INDEPTH: CANADIAN GOVERNMENT
Political contributions: money, money, money
CBC News Online | June 5, 2006
Hitting the campaign trail is not a cheap endeavour. Entry fees, staff, campaign signs, even paper and pens can run up a hefty tab.
For example, here's how much the major parties spent in 2004 federal election:
A party leadership race can be costly too. In the 2006 Liberal leadership race, candidates were required to pay $50,000 just to enter the race, and the campaign spending limit is $3.4 million.
- Bloc Québécois: $4,511,087.12.
- Conservatives: $17,284,256.91.
- Liberals: $16,640,947.00.
- NDP: $12,041,249.32.
So, candidates hit the fundraising trail to finance their activities. But where that money comes from has been the focus of much electoral reform, scandal and scrutiny.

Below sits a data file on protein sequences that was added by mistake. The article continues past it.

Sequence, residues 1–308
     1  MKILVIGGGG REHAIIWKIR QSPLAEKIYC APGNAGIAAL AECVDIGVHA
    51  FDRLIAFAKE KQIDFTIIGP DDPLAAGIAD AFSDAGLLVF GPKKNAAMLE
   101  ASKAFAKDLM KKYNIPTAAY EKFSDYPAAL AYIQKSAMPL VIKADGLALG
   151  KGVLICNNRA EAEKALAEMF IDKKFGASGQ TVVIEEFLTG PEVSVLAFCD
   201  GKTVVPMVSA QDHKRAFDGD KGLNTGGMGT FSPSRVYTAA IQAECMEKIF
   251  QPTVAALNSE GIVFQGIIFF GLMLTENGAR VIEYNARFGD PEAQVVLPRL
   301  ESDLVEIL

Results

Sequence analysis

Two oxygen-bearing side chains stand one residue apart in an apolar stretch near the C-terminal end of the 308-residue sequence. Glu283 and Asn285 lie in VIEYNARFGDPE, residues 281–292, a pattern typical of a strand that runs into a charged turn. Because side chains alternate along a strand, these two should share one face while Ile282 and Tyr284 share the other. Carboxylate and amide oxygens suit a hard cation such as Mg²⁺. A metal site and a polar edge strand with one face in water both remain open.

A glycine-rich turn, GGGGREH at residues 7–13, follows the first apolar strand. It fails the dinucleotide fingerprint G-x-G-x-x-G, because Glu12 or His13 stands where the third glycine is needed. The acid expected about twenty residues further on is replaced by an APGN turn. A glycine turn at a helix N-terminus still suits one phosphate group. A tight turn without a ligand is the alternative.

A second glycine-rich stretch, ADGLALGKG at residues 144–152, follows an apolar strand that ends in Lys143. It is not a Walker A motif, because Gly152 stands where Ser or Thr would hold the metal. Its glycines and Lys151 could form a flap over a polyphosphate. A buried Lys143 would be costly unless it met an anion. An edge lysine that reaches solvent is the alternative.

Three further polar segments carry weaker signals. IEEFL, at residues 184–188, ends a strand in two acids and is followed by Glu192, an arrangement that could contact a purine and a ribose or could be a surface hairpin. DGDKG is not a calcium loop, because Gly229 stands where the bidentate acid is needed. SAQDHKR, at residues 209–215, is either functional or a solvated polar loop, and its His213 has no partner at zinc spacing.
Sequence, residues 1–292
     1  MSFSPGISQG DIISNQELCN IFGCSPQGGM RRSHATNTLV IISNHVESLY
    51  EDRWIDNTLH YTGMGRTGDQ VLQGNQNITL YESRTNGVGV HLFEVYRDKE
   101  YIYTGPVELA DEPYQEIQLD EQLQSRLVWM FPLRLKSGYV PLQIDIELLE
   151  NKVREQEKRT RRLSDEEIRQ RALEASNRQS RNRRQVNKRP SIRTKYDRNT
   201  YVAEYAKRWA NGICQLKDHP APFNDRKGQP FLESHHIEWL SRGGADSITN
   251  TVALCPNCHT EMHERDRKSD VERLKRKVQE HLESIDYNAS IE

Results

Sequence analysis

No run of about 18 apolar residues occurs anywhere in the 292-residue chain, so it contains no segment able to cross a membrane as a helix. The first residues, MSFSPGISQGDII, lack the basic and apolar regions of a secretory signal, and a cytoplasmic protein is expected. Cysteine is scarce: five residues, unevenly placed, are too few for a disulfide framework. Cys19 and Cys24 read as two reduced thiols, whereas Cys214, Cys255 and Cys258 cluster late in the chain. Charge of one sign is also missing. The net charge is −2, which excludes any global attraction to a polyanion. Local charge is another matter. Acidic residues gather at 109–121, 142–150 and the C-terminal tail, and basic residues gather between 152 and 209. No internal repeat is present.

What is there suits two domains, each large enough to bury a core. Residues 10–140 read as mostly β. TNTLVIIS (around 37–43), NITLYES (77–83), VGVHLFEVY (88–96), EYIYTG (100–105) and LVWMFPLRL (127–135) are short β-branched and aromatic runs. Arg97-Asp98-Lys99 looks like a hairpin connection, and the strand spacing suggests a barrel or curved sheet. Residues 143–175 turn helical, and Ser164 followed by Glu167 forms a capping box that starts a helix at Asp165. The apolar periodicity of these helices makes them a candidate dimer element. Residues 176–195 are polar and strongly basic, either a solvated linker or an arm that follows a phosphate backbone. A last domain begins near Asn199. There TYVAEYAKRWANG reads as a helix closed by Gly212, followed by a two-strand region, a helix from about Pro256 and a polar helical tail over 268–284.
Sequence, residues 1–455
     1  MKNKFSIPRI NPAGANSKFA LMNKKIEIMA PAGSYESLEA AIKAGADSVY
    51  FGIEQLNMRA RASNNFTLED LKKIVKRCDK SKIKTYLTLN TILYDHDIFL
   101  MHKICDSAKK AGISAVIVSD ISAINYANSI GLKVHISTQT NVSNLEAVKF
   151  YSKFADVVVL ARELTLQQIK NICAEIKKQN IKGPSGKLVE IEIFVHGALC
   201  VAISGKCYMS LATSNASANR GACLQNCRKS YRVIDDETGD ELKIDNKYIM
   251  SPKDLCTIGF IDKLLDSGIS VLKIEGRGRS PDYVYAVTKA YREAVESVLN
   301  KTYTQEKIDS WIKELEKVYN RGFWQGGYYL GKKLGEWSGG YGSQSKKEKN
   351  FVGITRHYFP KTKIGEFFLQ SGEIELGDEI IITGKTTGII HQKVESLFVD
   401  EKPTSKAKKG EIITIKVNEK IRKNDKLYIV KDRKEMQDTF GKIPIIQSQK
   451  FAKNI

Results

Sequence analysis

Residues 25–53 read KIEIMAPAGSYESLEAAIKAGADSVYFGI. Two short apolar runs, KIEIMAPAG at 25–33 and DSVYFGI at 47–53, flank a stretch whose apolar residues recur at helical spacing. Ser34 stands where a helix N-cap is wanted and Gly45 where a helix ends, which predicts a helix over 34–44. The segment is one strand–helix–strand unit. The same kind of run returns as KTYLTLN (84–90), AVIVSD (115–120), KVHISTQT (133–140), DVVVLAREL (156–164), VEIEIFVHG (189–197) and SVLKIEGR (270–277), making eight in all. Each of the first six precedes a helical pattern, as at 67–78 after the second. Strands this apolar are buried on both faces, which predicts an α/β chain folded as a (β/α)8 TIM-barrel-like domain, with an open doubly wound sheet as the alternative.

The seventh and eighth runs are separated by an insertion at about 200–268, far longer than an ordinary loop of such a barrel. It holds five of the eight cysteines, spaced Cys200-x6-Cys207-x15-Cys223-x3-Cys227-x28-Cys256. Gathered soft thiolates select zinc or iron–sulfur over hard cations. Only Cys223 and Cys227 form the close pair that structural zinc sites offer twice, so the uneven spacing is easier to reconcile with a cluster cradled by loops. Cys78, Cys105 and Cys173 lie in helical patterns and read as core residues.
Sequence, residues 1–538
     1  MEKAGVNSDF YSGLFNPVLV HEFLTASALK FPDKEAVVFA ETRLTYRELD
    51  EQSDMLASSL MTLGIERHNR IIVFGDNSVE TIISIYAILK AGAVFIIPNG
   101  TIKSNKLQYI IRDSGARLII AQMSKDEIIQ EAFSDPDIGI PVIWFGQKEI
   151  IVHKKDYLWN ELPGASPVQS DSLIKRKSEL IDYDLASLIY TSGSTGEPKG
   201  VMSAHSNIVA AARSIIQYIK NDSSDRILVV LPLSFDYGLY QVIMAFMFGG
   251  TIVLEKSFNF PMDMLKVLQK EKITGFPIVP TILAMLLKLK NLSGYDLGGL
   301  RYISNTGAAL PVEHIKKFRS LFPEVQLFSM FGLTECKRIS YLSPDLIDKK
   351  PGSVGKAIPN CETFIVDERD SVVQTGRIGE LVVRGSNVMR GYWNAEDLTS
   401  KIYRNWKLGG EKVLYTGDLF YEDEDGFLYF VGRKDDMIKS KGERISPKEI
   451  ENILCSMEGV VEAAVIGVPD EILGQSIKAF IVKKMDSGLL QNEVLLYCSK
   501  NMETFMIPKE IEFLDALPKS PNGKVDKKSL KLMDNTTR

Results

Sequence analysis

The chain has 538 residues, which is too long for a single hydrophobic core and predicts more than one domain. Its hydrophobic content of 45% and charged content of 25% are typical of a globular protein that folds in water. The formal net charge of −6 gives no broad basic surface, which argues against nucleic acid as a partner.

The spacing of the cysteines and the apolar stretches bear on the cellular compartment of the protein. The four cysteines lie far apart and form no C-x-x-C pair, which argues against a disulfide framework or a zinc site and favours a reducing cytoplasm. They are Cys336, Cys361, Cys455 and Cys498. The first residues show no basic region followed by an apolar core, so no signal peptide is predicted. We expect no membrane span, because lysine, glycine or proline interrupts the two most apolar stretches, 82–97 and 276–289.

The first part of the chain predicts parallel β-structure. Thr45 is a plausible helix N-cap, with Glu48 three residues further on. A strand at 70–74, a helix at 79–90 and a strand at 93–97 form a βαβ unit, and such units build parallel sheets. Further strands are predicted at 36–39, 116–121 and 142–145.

In the 1970s, there was growing concern over political fundraising and financing of parties and election campaigns. And in response, in 1974, the Canadian government introduced the Election Expenses Act. It was the first attempt at regulating party finances in the country.
The act brought in more election spending controls, such as expense limits, and required disclosure of where exactly the money went. The act's premise was that the financing of elections should be open to public scrutiny. It tried to curb runaway spending and also introduced partial funding of campaigns with public money, to make the political process more financially equal between parties and candidates.
Fast forward to more recent times. In June 2002, then-prime minister Jean Chrétien introduced a new ethics package that forced all ministers to disclose any political donations, including contributions for potential leadership campaigns. They were now required to disclose funds within 30 days of a donation, unless the funds go into a blind trust. In that case, they will have to disclose the funds no later than 30 days before a leadership convention.